Respectfully disagree. When people become numb to a certain kind of ad, the ad industry just makes the ads bigger, louder, etc.
“When people become numb to a certain kind of ad, the ad industry just makes the ads bigger, louder, etc.”
Probably, yeah. But becoming numb to a certain kind of ad isn’t a bad thing. Now if we could all just become numb to all ads…
Love this deep-dive!
One correction: you stated in the Guardians note they are the only team to not use black or white. The Rays use a yellow starburst.
Keep up the great content :)
Actually, the Dodgers also use blue in their team logo. But I said — and what is still true — is that Cleveland had the only *ad* with additional colors.
Touche… My bad :)
I hope these companies aren’t paying too much because almost all of these are illegible.
I don’t know when the mound graphics started, but a quick search found a Uni-Watch post from 2013 which featured some much more primitive mound graphics: link
Reviewing the comments on that post gives me the feeling that reoccurring mound graphics were not common at the time, including one that starts “While i agree the mound isn’t a billboard…”. Boy, those were more innocent times. But until something more definitive comes along, could be used as a marker for when mound graphics started.
Meanwhile, a round of applause for the Phillies and Tigers for decorating the mound with the team logo and resisting the obvious urge to slap down another ad.
Awesome Bemidji State unis, though I’m surprised neither of our “captains of kern” (Phil and Paul) pointed out that it looks like “Bemid Ji” on some of the players, their only flaw in my opinion. Thanks to you guys, I notice these things now!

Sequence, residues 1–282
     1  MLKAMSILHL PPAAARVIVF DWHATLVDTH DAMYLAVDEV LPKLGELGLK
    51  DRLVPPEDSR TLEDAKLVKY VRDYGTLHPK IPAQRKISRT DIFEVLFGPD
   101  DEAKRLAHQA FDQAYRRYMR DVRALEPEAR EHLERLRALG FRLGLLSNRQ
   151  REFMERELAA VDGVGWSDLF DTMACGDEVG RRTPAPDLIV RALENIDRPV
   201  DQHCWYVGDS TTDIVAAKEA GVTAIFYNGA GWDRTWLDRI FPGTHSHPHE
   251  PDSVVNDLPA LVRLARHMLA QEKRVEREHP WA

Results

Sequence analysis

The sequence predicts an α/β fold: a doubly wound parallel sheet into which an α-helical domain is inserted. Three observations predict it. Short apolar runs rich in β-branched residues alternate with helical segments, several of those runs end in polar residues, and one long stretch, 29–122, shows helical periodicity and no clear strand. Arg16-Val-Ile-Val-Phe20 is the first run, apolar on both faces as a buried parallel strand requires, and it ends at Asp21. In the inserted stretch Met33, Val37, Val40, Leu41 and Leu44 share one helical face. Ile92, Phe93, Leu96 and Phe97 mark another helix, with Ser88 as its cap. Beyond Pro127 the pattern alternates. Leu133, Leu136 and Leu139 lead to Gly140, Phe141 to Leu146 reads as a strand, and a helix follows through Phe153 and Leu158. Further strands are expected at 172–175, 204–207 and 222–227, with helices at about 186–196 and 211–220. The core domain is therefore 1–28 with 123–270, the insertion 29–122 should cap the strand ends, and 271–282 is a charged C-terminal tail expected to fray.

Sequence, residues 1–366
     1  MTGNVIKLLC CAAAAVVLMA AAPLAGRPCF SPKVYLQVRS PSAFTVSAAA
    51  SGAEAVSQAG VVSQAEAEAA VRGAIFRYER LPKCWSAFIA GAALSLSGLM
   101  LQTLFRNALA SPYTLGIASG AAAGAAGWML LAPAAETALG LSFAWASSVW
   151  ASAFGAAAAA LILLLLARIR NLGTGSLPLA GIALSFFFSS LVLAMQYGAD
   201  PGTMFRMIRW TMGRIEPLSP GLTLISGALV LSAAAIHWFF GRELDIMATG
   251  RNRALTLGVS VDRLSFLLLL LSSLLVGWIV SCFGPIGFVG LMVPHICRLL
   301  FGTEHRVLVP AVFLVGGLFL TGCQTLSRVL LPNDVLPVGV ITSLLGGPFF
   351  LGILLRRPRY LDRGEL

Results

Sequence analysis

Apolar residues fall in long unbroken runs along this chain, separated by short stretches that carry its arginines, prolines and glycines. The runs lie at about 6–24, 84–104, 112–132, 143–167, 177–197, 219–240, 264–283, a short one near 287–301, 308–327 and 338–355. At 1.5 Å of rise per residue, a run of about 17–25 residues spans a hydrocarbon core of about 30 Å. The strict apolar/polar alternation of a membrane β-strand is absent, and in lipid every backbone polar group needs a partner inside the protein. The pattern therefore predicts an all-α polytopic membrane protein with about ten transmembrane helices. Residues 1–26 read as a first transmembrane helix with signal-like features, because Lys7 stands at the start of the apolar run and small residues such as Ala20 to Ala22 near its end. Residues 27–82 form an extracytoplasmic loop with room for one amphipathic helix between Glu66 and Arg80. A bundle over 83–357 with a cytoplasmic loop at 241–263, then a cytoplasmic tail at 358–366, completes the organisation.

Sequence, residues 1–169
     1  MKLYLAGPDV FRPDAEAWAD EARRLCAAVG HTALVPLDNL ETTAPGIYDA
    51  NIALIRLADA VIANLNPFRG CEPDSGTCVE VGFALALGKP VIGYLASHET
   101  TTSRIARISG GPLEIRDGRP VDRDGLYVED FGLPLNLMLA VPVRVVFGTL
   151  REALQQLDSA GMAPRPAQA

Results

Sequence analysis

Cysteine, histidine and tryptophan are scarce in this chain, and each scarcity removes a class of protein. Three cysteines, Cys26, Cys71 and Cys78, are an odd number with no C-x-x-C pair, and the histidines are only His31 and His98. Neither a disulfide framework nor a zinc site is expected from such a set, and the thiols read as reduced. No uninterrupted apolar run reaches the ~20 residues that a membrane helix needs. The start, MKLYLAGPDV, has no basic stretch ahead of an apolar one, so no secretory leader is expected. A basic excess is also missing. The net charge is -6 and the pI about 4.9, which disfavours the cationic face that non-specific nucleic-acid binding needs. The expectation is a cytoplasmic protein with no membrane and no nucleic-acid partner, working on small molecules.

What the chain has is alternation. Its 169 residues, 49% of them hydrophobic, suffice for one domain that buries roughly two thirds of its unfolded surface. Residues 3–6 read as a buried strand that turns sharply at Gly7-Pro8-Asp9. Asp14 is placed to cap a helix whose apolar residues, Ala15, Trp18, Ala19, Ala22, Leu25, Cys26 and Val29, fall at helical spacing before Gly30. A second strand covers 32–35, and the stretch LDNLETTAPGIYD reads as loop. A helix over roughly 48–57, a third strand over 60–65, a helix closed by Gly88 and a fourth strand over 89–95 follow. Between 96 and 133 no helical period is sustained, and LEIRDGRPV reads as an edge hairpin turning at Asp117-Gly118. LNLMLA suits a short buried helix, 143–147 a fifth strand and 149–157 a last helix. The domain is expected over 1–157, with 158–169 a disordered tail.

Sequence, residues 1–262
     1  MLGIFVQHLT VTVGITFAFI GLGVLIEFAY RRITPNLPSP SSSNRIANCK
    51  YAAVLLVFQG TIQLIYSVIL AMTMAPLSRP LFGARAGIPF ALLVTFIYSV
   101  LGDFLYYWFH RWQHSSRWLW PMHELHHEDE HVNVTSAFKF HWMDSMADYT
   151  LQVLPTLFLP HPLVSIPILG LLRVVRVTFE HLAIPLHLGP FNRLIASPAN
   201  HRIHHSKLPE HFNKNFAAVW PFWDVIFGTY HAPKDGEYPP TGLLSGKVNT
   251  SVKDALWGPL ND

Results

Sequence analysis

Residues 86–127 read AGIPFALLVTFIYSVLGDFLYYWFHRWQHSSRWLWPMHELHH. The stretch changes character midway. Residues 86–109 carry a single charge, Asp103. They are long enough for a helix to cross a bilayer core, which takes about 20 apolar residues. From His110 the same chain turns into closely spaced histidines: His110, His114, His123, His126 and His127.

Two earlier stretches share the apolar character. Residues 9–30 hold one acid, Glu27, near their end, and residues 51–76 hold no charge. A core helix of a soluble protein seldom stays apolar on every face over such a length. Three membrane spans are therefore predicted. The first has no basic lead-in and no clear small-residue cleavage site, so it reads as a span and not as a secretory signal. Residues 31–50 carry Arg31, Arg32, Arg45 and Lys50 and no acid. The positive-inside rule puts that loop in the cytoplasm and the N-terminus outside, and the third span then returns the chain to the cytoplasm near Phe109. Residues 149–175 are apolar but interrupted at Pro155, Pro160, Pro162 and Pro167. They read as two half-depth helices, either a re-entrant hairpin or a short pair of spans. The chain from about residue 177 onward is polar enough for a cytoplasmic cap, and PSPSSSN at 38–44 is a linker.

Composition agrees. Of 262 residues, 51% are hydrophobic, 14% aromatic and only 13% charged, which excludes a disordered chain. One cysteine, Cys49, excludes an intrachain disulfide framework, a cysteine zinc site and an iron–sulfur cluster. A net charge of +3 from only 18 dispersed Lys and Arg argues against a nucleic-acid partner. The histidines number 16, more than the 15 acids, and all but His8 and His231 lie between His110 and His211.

The “He Gets Us” ad on the Rangers mound is a Christian advertising campaign. You obviously see players with religious paraphernalia, but I can’t think of another instance where overtly religious branding is so visible on the field/court/ice? It’s Texas, of course, but still seems surprising to me.
I recall that the Reds put their wishbone-C on the back of the mound during the Pete Schourek Era of the mid-1990s. The earliest video I could quickly find was from June 1, 1996, when the logo was both huge and messy. link It looked a little better the next night.
Wow — I would not have guessed that any team was doing that in the 1990s. Thank you for sharing that!
Reds were not consistent with it. It came and went, even during that season.
Sigh. So much visual pollution. If there’s an empty speck of space, you can bet they’ll find a way to stick an ad there.
Last season I recall the Yankees projecting an unreadable black rectangle with tiny white lettering on the back of the mound. It was a computer graphic that rotated with two more-readable ads. It piqued my curiosity but the advertiser could not have been happy.
The logo on the mound in Oakland is not illegible at all – it is for west coast (and Oakland based) medical insurance company Kaiser Permanente. Very recognizable if you are familiar with the company, as most Californians would be.